Cooperation - Republic of Indonesia and Federal Republic of Germany

karangan bunut


The implementation of the Ministry of Forestry’s forest management policy through the Forestry Minister regulation No. 49/2008 concerning village forest management is currently applied at district and community levels in Indonesia.
In particular, the community of Karangan Bunut hamlet in Manua Sadap village, Kapuas Hulu district, West Kalimantan province is actively participating in the implementation of this policy. Here, the people of Karangan Bunut have submitted a proposal to the Ministry of Forestry to manage their community forest of about 1,640 hectares under the Forest Village (Hutan Desa) scheme. The proposed location has already been verified by a team of the Ministry of Forestry in September 2012.
While waiting for the Village Forest permit to be issued by the Ministry of Forestry, the community has initiated a forest inventory, including Non-Timber Forest Products (NTFPs) potentials, in the proposed forest area.

FORCLIME support of forest inventory in Karangan Buntut

FORCLIME in collaboration with the Tanjungpura University in Pontianak, West Kalimantan, has facilitated the forest inventory in Manua Sadap village. This activity was undertaken together with the community of Karangan Buntut.
Prior to data collection, which took place over a period of ten days, all parties involved in the inventory received a five-days training on how to conduct data collection in the field. The training also aimed at enabling the community to independently conduct forest inventories in the future.

The methodology for the forest inventory applies systematic sampling and square plots. Overall, 18 plots in a distance of 1,000 m have been installed. The distribution of plots was defined based on land cover classes, utilization principles by the community, and division of representation wide.

Findings of the forest inventory

Data analysis regarding the economic potential of the Village Forest has shown that many commercial timber species can be found in the inventory plots, such as Tekam (Hopea sp) and Meranti (Shorea sp) or Kelansau (Dryobalanops sp). Six out of the established 18 plots can be classified with very good land cover classes where many trees with a diameter of more than 35 cm, including Tekam and Meranti, can be found. This is because these six plots are located upstream and therefore difficult to reach during the community’s daily activities.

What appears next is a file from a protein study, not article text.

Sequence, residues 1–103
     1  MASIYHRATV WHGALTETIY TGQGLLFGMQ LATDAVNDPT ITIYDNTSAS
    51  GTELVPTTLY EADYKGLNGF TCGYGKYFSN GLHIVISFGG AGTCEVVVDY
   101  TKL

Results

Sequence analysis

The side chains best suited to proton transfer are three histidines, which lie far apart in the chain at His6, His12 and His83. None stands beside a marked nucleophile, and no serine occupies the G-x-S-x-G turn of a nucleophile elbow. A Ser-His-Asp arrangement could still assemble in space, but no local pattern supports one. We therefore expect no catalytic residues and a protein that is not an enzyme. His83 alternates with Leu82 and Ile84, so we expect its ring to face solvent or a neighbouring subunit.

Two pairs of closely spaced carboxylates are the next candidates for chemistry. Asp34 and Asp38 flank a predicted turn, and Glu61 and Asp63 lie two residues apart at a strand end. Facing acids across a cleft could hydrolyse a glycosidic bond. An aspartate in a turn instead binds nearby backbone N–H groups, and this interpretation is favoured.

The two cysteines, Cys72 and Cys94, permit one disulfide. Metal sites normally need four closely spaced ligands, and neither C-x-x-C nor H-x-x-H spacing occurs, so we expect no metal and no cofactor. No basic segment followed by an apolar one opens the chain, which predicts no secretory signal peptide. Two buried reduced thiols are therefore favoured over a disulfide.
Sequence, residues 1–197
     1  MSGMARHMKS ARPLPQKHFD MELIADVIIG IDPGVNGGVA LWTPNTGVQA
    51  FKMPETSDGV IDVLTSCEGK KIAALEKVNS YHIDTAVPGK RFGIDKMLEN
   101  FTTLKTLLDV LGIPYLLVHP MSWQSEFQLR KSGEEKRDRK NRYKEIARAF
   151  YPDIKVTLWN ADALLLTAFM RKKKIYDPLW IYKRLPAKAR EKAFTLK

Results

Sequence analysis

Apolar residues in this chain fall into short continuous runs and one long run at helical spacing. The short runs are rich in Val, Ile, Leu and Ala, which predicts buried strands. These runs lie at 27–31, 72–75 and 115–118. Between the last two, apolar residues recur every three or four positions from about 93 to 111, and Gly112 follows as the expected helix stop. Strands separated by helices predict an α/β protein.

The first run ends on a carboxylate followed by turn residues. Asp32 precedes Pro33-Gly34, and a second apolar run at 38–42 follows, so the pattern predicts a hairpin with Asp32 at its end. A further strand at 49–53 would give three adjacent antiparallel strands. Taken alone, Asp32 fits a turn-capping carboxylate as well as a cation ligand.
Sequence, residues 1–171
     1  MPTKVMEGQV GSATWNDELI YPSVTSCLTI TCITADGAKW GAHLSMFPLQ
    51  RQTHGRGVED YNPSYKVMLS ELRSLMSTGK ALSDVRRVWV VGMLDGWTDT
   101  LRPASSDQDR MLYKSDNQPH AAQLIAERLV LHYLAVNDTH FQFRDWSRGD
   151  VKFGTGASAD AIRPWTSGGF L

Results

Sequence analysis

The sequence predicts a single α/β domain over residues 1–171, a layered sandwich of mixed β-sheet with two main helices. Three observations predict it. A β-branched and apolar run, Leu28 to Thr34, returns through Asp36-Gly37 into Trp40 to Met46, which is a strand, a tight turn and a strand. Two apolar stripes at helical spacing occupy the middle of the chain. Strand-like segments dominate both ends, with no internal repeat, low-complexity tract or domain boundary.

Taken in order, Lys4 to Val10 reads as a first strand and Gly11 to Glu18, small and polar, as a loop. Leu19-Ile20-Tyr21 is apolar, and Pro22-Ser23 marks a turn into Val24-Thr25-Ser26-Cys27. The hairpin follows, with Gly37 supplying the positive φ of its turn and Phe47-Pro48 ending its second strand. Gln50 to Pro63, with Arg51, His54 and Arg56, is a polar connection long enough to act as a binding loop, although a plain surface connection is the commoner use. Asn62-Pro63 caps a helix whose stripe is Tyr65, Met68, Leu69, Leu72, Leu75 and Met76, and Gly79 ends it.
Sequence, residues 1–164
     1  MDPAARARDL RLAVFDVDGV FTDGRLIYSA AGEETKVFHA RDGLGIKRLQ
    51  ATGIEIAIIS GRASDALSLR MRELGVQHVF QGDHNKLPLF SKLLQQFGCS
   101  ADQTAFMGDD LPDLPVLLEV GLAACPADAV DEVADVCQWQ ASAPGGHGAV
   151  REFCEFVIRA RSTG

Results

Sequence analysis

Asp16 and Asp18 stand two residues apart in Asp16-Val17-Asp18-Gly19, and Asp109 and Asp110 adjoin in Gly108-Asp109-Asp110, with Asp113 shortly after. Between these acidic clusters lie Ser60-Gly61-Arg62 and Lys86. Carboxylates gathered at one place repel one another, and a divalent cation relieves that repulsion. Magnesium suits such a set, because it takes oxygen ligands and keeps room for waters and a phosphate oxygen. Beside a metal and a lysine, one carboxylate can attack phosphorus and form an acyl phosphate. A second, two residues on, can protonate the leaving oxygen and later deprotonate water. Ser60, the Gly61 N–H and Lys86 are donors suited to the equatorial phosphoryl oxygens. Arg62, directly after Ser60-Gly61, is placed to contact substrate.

Furthermore, there are five plots with moderate land cover, which contain only a low number of less commercial timber species, such as Kempas (Koompasia malaccensis), and thus also a low timber potential.
The remaining seven plots are forests with a low canopy closure, or former fields, which therefore only contain a low timber potential. These seven plots are located close to the community’s settlements, and are thus highly influenced by their daily economic activities.

High exploitation of NTFPs such as rattan, by the community of Karangan Bunut has already reduced the presence of rattan with ready-to-be-harvested size, which can therefore today be found in upstream forest areas only.
The non-forest land located downstream at seven inventory plots is used by local people for the collection of food, such as Gambir (Syzygium polyanthum) or Entaban (Poikilospermum suaveolens). Medicinal plants like Forest Betel (Piper sp) or Keminting (Melastoma affine) are still abundant in all plots.

The Dayak Iban community in Karangan Bunut has excellent local wisdom about the use of forests and their resources. For example, not all forest areas are converted for farming, and fields are cultivated periodically. The un-cultivated land is planted with rubber and fruit trees such as durian or tengkawang, and thus often called Tembawang forest. (Tengkawang is the local name for a fruit tree that belongs to the family of Dipterocarpaceae, and has fruits which produce high value oil).
Regarding wildlife conservation, Dayak Iban local wisdom does not allow them to hunt Orangutans (Pongo pygmaeus), as they believe that the Orangutan is an ancestor of the Dayak people.


The results from the inventory will be used as a baseline to develop a forest management plan of the Karangan Bunut forest based on the Village Forest scheme.
The forest inventory has shown that the forest resource potential in Karangan Buntut is still very high. Therefore, forest management based on the Village Forest scheme combined with local wisdom will be able to achieve the sustainable management of the existing forests while also contributing to the improvement of livelihoods of the people in Karangan Buntut community.

For further information, please contact:
Ali Mustofa, Thematic Leader for Community Empowerment
Tunggul Butarbutar, Strategic Area Manager for FMU Development


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